Danger faced by essential county law libraries underlines need for good governance at the LSO
Toronto—The Good Governance Coalition today said the debate surrounding the Law Society of Ontario’s $100-million-budget underlines the need for good governance to return to Convocation.
Six months into the budget’s formulation, Benchers who were elected as part of the slate in the last election proposed to freeze most fees—which would likely have led to severe cuts in funding to essential county law libraries across Ontario had their motion succeeded.
“Formulating and passing a realistic, fiscally-responsible budget is core to a Bencher’s fiduciary duty,” said Bencher Andrew Spurgeon, seeking re-election as a Coalition candidate. “Endangering county law libraries and delaying passage of the budget for the sake of talking points in the next election is regrettable and beneath what lawyers and paralegals expect.”
At Thursday’s meeting of Convocation, two slate Benchers, Cheryl Lean and Chi-Kun Shi, unsuccessfully moved to freeze all fees aside from a necessary top-up to the compensation fund and delay passing the budget until December. Had their motion passed, it would have eliminated a proposed $17 increase to the levy paid to the Legal Information Network of Ontario (LIRN), which funds law libraries.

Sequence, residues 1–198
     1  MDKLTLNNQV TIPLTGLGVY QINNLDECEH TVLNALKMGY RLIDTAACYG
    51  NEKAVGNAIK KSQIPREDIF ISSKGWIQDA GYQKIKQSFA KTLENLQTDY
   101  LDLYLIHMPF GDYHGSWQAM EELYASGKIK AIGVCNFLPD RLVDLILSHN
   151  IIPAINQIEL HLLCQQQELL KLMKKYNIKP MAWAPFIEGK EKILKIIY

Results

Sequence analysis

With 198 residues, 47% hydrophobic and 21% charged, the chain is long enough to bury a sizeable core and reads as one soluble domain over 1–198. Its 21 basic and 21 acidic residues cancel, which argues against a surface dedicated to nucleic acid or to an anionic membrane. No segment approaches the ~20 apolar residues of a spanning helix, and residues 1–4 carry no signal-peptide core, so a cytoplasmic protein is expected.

“County law libraries are one of the most valuable services the LSO provides to lawyers,” said Spurgeon. “They allow access to resources many lawyers could not otherwise afford and are essential hubs for the legal community, especially in smaller and rural centres. We deserve Benchers who support the LSO’s important services and understand the value of sound budgeting—and by voting for Coalition candidates, that’s what we’ll get.”
The Federation of Ontario Law Associations has written Benchers, stating it is “imperative” that Convocation deliver “sustainable funding” to the 48 law libraries across the province.